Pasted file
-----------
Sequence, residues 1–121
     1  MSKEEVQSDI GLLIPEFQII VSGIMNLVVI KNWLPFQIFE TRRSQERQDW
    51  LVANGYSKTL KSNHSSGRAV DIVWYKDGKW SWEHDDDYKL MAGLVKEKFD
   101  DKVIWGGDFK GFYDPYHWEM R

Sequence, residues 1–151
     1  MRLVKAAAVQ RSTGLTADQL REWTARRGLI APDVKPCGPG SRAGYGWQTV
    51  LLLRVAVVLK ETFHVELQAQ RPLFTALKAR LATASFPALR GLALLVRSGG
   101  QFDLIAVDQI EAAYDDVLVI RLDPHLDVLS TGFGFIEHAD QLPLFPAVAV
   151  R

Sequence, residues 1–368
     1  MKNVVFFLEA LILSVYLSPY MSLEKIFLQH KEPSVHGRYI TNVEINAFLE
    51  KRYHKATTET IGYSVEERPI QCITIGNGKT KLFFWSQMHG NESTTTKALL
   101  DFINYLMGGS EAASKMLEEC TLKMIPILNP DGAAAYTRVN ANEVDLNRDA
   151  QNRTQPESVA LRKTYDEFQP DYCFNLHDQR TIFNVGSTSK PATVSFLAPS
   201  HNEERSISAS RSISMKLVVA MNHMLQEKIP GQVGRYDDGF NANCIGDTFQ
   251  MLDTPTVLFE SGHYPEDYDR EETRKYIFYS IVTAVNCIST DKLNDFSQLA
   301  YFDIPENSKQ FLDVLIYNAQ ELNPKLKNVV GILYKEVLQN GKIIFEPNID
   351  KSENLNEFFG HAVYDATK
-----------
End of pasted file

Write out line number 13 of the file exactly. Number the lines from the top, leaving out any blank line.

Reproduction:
   101  DFINYLMGGS EAASKMLEEC TLKMIPILNP DGAAAYTRVN ANEVDLNRDA